Review: Miss Peregrine’s Home for Peculiar Children by Ransom Riggs

Series: Miss Peregrine’s Peculiar Children #1
Published by: Quirk Books
on January 1st 2011
Pages: 352
Genres: Young Adult, Horror, Fantasy
Buy: Amazon | Bookdepository
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Sixteen year old Jacob has throughout his life been told fantastical stories about the house where his grandfather grew up, a house on a remote island in Wales filled with children with special powers. One kid is invisible, another has bees coming out of his mouth, another (as seen on the cover) can levitate, etc. Jacob’s parents and his psychologist try to convince him his grandfather’s tales are just make-belief, but Jacob needs to know. He leaves with his father to go to Wales to uncover the mystery. Does the house exist? Did the children? Who is Miss Peregrine?

I’m going to start off this review saying that this book really disappointed me. It didn’t do what it promised. I’m very very reluctantly placing it in the “horror” genre because it read more like a much less compelling Gone by Michael Grant with a few pictures thrown in there because they look cool. 

I bought this book back in 2012 because of the cover and the title, because both things promised me horror with creepy children. Creepy children are the best. They aren’t creepy. At all. That wouldn’t even have been a problem if the book hadn’t lied to me and pretended they were. Like I said I bought this in 2012 but I didn’t read it until this summer because by then I’d heard some things about how not scary it is. I was still disappointed even with that in mind because the whole format of the book just didn’t work. Don’t judge a book by its cover, kids.

The book consists of a mix of both text and pictures, like the one you see on the cover. The pictures are supposed to accompany the story, but I don’t think they were very seamlessly woven in at all. Sometimes the introduction of a picture felt forced. I could tell, even without consulting google first, that the author had intended this to just be a collection of some awesome pictures he’d collected but then was told he should write a story around them instead. I could tell. I wasn’t convinced at all.

The characters were all quite flat. I can’t really say much about them because they weren’t anything special. They all seemed to talk in the same voice too no matter if they were 5 of 18 years old.

A spine-tingling fantasy illustrated with haunting vintage photography,Miss Peregrine’s Home for Peculiar Children will delight adults, teens, and anyone who relishes an adventure in the shadows.
– Goodreads

Spine-tingling? No. No no nooo. Haunting vintage photographs? Sure. Delight adults and teens? Some maybe, but the entire time I read this I just felt like it comes across a lot younger than young adult. I’d say I would have enjoyed it when I was around 11-12 years old and read a lot of Goosebumps.

I quite liked the story up until a bit past the point where Jacob got to the house on the island. Up until then the atmosphere was quite eerie and mysterious (I also liked the gloomy Wales setting), but that all disappeared pretty quickly and it became a bit of a chore to finish.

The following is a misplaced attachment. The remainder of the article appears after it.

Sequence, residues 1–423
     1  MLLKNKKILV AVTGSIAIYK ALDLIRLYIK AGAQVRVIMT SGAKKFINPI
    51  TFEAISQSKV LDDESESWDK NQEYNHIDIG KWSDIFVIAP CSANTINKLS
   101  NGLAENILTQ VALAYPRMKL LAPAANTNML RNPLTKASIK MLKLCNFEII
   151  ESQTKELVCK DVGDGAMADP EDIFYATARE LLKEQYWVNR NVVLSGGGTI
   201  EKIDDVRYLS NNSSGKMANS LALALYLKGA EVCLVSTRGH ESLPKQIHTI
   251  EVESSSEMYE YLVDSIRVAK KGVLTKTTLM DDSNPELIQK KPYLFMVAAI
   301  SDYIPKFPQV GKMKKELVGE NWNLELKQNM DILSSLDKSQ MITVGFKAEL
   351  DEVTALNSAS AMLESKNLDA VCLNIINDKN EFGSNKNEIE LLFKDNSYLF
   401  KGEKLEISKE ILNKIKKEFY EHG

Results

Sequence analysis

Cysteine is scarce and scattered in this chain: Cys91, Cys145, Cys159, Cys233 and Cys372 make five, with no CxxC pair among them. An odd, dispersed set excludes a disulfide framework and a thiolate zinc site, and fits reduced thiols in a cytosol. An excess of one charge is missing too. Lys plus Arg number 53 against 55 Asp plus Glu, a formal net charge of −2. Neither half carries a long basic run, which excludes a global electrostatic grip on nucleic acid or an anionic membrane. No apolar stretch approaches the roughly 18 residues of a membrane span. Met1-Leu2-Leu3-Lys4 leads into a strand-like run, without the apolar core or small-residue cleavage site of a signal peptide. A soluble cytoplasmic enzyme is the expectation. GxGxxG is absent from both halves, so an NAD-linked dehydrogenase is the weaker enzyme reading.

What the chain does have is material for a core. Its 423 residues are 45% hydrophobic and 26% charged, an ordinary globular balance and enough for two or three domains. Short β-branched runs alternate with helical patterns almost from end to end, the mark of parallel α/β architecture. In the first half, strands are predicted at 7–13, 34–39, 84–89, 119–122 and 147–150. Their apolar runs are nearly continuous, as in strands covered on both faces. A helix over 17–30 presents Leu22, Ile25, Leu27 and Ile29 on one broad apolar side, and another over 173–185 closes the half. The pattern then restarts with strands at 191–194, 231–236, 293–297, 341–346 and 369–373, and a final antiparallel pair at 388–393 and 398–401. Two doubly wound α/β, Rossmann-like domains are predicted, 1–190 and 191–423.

The only reason I want to read Hollow City is to figure out what happened to one of the characters and if she will be all right. Though I don’t really feel like trudging through the entire book just for that, so I don’t know. I’ll probably pass.

All in all this book has a great concept that unfortunately didn’t work. The pictures are great, some are even really creepy, but it all falls flat when you compare it to the actual story written around them.

I’m looking forward to the movie adaptation though (yasss Tim Burton), maybe it’ll be better.

I’m so sad because I really wanted this book to be good. Have you read it, what did you think? I know I’m not alone in having this opinion but a lot of people rave about it too. Do you know any books about actual spooky children?

9 thoughts on “Review: Miss Peregrine’s Home for Peculiar Children by Ransom Riggs

  1. Ayunda says:

    I agree 100% with everything you said! Especially with the flat characters. I have no interest to continue the series… But I still have hopes for the movie which is in production right now. A very uncommon sentence to come out of a booklover’s mouth but I hope it’ll be better than the book.

    Liked by 1 person

  2. cw @ readthinkponder says:

    Now that I’ve read Miss Peregrine’s, I can appreciate your review much more than before!

    Like you said, it seems we’re in complete agreement with each other. I agree with the characters being flat – none of them had anything that really stood them out or made them feel like people. For a book that is trying to convey that these peculiar children are just as normal as non-peculiar children, it really failed to humanize the children as people/individuals.

    I’m looking forward to the movie though! I mean, I think the failures of this book are in the execution in writing, so maybe the movie will brush up on it? Make it better? *fingers crossed*


    • Anette @ Anette Reads says:

      Yeah, that’s exactly the thing, they don’t feel like people. Now when I think back on it I can’t really describe what any of them are like as a person. I also think that the movie could be a lot better! I’m actually really looking forward to it 😀


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